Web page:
Even if your father isn't out to relive the glory days of college athletics, chances are there's at least one sport he believes he can master—golf. The fancy that getting a little white ball into a small round cup can't really be that hard has a surprising hold on the human psyche, as Carl Hiaasen admits in The Downhill Lie: A Hacker's Return to a Ruinous Sport. With biting humor, Hiaasen shares his personal quest for the weekend golfer's Holy Grail—breaking 80 (well, 90)—amid challenges like alligators, hostile eagles (the feathered kind), monkeys, wayward golf carts and seductive, treacherous golf clubs (the kind that fit in a bag, not the kind you join). Hiaasen has a tendency to veer off-course in his narrative (usually into leftist politics), but he punches back on quickly enough, and his insights into the insane lengths a golfer will go to in hopes of a lower score are always entertaining. If you've been bitten by the golf bug, you'll appreciate every moment of Hiaasen's magnificent obsession. If you haven't, read The Downhill Lie and laugh at those of us who have.
Lastly, if there's one thing that is universally true of fathers, is that we're all a little nuts. And no one appreciates nuttiness more than ESPN's resident nut Kenny Mayne. An Incomplete & Inaccurate History of Sport is everything its title claims, except, perhaps, a history of sport. But it is a delightfully wacky collection of random thoughts, jokes and even tender recollections, from the mind of a truly unique personality in the sporting world. You may not really learn anything at all about sports from Mayne, but you'll be laughing so much you won't care.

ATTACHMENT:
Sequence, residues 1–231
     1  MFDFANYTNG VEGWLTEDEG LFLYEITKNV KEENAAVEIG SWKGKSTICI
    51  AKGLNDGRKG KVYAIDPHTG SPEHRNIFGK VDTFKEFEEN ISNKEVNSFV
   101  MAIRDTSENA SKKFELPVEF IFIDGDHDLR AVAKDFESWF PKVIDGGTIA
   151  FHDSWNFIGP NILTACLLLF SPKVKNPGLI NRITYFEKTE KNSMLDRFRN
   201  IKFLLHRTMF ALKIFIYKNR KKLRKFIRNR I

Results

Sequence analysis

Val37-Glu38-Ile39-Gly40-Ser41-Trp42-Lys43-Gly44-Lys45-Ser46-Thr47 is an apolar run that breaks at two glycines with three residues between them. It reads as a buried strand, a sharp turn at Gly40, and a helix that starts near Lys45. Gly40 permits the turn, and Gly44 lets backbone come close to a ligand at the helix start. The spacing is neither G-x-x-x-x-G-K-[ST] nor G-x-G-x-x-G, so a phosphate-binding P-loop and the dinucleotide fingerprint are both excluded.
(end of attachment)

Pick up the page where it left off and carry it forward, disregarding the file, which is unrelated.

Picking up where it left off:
DAD'S GREATEST GAME
Whether Dad is a golfer or just a fan, there is no better start for exploring the world's greatest game than The Golf Book. This visually stunning coffee table book covers everything from golf history to golf clubs, including an easy-to-understand section with techniques for proper driving, chipping and more, suitable for both the novice and the experienced player. The remainder of the book highlights golf's favorite champions and rounds things out with a beautiful overview of the world's greatest courses. The Golf Book is one you'll return to again and again.
Golf may be the most romantic of sports, and no event holds more romance than the Masters tournament at Augusta National Golf Club. Very few can claim the pleasure of having been there; fewer still can claim to have played in it. The Masters: 101 Reasons to Love Golf's Greatest Tournament, by sportswriter Ron Green Sr., is a wonderful window into this rare world. Filled with lavish photographs, Green's book presents the story of the Masters in 101 compact vignettes, offering delightful glimpses into the history and heroes that have lifted the Masters to its unique status. Fans of golf and the Masters will enjoy perusing this little gem of a book.